Coastal design has always been in style, but as the pandemic comes to a close, it is becoming more popular again. This is because homeowners are seeking an open and airy vibe that feels more vacation-like, even if they’re landlocked. “Coastal design has been around for centuries, largely because it was the manner in which people decorated their waterfront or seaside homes. This design aesthetic began very much as a product of the environment you’re in when in a beach or lake house,” Amy Leferink of Interior Impressions tells me. “Over time this look has evolved to be less literal, and more an overall interpretation subject to the designer or homeowner and how they choose to bring the outside in, regardless of the home being situated in a coastal location. It is meant to evoke a feeling of being near the water— bringing the relaxation, ease, and casual vibe of waterside living to everyday life.”
So how can you give your home a more sophisticated coastal feel? I spoke with some of the top designers and experts to learn their best tips and ideas.
Skip The Seashells
According to Samantha Gallacher, founder of IG Workshop, some simple overall changes can make your home feel more coastal. “As we are based in Miami we have seen coastal trends come and go,” she tells me.
Overall, it is best to simply keep it light. “Currently and most consistently, we are seeing trends in color palettes, being light, earthy tones with accents of color, but also keeping color palettes minimal and playing with textures for added depth and feel to coastal living.”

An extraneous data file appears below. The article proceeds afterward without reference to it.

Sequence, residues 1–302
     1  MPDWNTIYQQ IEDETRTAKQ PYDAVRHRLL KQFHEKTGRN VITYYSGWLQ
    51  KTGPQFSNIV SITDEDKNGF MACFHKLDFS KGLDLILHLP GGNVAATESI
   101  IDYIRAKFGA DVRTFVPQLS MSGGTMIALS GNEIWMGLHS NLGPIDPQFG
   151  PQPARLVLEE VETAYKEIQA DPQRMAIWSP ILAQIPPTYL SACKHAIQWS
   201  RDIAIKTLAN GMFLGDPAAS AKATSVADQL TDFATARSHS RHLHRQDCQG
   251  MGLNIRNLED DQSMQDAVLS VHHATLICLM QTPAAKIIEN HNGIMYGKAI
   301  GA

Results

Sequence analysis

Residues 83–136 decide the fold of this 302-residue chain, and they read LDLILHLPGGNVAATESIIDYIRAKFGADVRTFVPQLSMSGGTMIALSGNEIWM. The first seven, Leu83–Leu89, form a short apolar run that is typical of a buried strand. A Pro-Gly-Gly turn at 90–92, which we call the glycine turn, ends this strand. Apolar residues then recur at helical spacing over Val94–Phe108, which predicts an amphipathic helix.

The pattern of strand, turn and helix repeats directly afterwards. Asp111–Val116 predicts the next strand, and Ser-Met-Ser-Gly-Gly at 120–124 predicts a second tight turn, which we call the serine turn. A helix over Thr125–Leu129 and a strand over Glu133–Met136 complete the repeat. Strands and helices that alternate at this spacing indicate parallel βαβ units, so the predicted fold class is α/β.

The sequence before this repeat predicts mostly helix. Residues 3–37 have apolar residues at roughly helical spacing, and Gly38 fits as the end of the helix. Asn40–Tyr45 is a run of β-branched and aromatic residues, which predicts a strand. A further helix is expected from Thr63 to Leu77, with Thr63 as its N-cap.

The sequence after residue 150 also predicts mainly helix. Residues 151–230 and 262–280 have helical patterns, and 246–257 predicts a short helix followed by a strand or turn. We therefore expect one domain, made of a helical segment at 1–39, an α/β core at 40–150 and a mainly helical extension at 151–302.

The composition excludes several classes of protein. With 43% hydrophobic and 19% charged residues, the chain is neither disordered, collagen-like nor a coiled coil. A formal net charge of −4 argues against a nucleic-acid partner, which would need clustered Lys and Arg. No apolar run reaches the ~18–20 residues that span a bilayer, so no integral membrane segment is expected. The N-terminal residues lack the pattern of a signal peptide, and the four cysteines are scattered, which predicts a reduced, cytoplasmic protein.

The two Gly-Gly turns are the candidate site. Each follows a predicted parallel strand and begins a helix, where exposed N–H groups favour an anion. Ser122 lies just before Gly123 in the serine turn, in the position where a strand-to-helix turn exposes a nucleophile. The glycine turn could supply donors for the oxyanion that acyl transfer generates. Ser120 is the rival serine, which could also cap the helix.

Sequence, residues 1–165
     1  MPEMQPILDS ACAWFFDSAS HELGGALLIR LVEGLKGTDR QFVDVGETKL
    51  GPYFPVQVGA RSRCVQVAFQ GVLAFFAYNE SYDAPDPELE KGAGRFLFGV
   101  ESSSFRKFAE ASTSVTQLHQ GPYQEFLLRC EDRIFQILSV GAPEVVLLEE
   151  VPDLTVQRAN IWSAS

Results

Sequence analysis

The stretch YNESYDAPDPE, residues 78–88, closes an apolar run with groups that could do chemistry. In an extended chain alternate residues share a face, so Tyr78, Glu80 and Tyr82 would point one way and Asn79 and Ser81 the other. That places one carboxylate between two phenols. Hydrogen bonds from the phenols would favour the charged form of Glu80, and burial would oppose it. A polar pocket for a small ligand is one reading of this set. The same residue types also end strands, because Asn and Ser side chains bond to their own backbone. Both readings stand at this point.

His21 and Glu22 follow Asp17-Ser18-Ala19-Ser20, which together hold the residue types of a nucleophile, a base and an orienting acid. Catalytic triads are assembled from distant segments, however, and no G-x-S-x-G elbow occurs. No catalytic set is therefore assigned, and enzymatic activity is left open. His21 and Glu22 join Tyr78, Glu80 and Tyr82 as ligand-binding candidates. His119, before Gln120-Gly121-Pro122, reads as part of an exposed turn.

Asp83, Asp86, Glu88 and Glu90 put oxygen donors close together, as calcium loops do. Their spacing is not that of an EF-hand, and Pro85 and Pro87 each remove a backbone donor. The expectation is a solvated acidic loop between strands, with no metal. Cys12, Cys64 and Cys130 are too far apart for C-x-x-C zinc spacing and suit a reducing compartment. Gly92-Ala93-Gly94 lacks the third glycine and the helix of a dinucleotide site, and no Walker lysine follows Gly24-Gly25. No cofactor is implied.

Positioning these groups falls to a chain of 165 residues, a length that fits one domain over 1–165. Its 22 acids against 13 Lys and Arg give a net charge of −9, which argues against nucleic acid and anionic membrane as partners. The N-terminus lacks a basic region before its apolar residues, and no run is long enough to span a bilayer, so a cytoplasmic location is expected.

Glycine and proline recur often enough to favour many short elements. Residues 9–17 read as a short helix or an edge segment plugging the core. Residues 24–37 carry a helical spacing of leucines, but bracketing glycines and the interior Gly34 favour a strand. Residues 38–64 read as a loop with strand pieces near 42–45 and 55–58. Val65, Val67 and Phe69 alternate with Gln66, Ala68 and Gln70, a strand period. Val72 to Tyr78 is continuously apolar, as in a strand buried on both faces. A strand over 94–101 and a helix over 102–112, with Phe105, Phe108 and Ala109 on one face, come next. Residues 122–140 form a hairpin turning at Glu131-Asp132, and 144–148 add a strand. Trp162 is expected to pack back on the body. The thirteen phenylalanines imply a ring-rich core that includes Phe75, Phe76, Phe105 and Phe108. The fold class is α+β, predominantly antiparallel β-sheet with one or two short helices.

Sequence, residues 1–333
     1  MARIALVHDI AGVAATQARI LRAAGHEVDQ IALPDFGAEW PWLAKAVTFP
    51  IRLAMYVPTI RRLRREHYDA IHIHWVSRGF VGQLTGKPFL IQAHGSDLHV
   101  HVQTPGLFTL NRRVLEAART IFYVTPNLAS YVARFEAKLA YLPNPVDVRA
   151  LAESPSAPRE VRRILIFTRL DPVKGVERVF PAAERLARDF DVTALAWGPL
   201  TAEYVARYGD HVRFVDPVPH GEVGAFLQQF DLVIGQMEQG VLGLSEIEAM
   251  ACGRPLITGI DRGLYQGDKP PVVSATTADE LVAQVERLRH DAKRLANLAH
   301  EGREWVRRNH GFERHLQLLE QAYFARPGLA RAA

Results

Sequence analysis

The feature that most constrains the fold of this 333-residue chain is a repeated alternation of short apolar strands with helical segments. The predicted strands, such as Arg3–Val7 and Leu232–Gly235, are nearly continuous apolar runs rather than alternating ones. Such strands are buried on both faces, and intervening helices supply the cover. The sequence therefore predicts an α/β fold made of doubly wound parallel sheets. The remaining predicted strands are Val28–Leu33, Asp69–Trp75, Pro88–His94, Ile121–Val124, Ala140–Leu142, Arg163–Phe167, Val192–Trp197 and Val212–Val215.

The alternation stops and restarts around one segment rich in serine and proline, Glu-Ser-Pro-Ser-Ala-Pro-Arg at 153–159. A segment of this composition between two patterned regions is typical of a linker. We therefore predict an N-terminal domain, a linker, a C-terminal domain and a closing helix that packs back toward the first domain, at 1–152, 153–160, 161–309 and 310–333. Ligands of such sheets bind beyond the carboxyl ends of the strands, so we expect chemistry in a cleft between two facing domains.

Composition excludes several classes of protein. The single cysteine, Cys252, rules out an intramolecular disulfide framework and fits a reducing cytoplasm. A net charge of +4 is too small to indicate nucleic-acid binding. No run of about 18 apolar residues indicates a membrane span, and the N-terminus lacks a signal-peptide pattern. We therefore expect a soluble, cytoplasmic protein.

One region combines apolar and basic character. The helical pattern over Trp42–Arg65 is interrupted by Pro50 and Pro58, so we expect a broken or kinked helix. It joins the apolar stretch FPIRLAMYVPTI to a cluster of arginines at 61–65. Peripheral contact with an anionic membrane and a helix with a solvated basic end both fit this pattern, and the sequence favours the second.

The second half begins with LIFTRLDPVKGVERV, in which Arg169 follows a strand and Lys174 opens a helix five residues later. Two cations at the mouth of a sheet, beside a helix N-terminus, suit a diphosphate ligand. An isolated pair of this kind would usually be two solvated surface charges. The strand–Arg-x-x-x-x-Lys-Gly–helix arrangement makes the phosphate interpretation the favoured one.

Less Is More
Balance is key when it comes to coastal decor. Meg Young, Founder of Cailini Coastal recommends choosing neutrals for your larger pieces and then accessorizing accordingly. “Incorporate details like stripe or natural fiber rugs, blue and white-hued pillows, grasscloth covered decorative boxes, sea glass beads, bamboo photo frames, etc,” she tells me.
Then add subtle touches with smaller-scale pieces like a nautical knot doorstop, a framed natural sea fan, or a chic coastal coffee table book. “The key to pulling off a chic and not heavy look is making sure to mix pieces and work off of a neutral color palette. This also allows you to change up accessories seamlessly between seasons,” explains Young.
Textiles Can Make A Big Impact
Leigh Spicher, national director of design studios for Ashton Woods Homes suggests rethinking how you use textiles in your home.
“One of the easiest ways to achieve this is by layering in an area rug that speaks to more of your vacation self than your traditional home self. Another way is to include window shades that are high in texture like sisal or seagrass over typical wood blinds.”
Just Add Wood
Adding a wood beam, shiplap or another accent to a ceiling can be truly transformative without feeling like a tribute to Grandpa’s old boat. “One of my favorite projects was a waterfront home on Balboa Island in Newport Beach which features a modern coastal chic style,” interior designer Anne Michaelsen explains.
“The wood tones in the home pay tribute to the classic seaside architecture of clapboard, but the home also features more modern elements as well, like stainless retracting doors and contrasting dark ship grey vertical wood paneling. Coral, shells, and fish motifs are present but not overwhelming and kitschy. The color scheme echoes the sand, sea, and sky that surround the home.”
Consider A Cupola
Annapolis-based architect Cathy Purple Cherry is known for her coastal and palatial homes on Maryland’s Eastern seaboard. She suggests adding a cupola to give a home a more authentic coastal fee.
“The language of the cupola, which was once a beacon to watermen and a necessary source of ventilation, has continued to be an expressive architectural element in coastal homes. Today, coastal cupolas function as a vehicle to flood natural light into the interior spaces below.”